We can rarely see our progress after a single attempt.
Like the polarising Prime Minister Magaret Thatcher would say – we may have to fight a battle more than once to win it.
It is easy to picture this idea with fitness exercises.
No one goes once or twice to the gym expecting to lose 5kg straight away.
We all know that we need many sessions before seeing any “significant” results.
This ties with the idea of resilience.
That we have to continue, even if we cannot distinctively see our progression.
Howard Schultz, former CEO of Starbuck, explained in his book: “Poor Your Heart Into It”, that to fund his project of Italian-style espresso bars
he spoke to two hundred forty two people.
And two hundred seventeen said they were not interested.
That’s a lot of “no” to face and digest.
Schultz had to have an unwavering conviction in his project
with a solid trust in himself to push through and build the premises of what is now a multi-billion dollar business.
From the outside, it looks like one of these success stories that Hollywood likes to transform into blockbusters,
You know, the ones where the hero stuck to his guns and, against all odds, emerged victorious.
But reality is often quite different from the movies.
So, yes, Schultz went and spoke to two hundred forty two people to be rejected two hundred seventeen times. That’s impressive.
But what the story doesn’t tell is how many times did he change the details of his “coffee” project?
How many times did he change his business plan, with his assumptions?
So, yes, Schultz was tenacious, but there is no doubt he was also able to adapt, so he could prevail in the end.
Resilience is made of two things: tenacity and adaptability. One doesn’t go without the other.
I like the quote from the author Robert Jordan that sums it up perfectly:
“The oak fought the wind and was broken,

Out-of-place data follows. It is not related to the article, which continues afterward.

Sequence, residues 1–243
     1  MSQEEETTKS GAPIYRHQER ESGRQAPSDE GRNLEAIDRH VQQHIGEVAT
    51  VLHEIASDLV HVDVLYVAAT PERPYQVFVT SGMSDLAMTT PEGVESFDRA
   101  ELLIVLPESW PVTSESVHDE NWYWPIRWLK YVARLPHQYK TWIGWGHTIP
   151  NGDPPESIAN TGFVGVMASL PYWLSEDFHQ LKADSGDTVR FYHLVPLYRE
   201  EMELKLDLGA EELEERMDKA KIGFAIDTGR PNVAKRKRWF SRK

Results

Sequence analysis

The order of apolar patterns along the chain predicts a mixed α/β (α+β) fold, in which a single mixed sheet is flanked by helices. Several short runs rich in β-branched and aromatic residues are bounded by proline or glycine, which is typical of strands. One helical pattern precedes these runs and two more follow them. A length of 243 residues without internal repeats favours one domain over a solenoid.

the willow bent when it must and survived”
What if we went to the gym for months without losing a single kilo?
It’s time to ask ourselves if our training sessions are suitable in their current format?
Or if our diet is adjusted properly?
Maybe we are just a few changes away from making our efforts pay off.
We do. We learn. We grow.
This concept was well explained by Eric Ries, entrepreneur and author of the Lean Startup.
Simply put, to increase the chances of a startup to be successful, we have to efficiently learn through iteration
to ensure our product or service finds its audience and answers its needs.
And the interesting part is that,
even if we are not in a startup, we can apply these ideas on any project we want to take on.
Ries explained that we should observe and judge our progress through a gated process,
where we decide whether to persist on our idea, pivot or let it perish.
And the last point is really ambivalent.
On one side, we let some ideas perish without even giving them a chance, without even really trying to see if they work.
And on the other side, we are so convinced that this is the 1-million dollar idea, the golden goose, that we refuse to let go.
We wear blinders, unable to see and acknowledge the reality of our situation.
For instance, we could be in a relationship that is not working, where the other one doesn’t love us. We could be thinking: “I invested so much in this relationship. I put so much time and effort into making it work. I cannot let it go now. It will all be wasted. All for nothing.”
And when we do, it is normal.
We fall for one of our cognitive biases, called the sunk cost fallacy.
Basically, we are likely to continue an endeavor if we have already invested time, effort or money into it,
whether or not the current costs outweigh the benefits.
That’s why we stay with a partner we don’t love anymore, because “we spent so much time together”.
That’s why we keep on funding the renovation of an old house, even if it would be cheaper to buy a new one.
The awareness of this bias doesn’t make it any easier to counter it.
It requires us to make choices, which can be tough.
Like an entrepreneur pondering whether she should persist with her startup idea, pivot or let it perish; decisions can create stress, anxiety and self-doubt.
We have to learn. Thinking is only one part of the equation. We also have to do.
We should use both, thinking and doing, as they form a cycle enabling our growth.
To help us, we can ask ourselves: “When I am saying yes to this, what am I implicitly saying no to?”
When we say yes to go to a party, we say no to the cozy night at home, reading a book.
When we say yes to stay in our current company, hoping for a promotion, we are saying no to other job offers.
Letting go doesn’t always equate to losses.
It simply means we are exploring new opportunities and growing.
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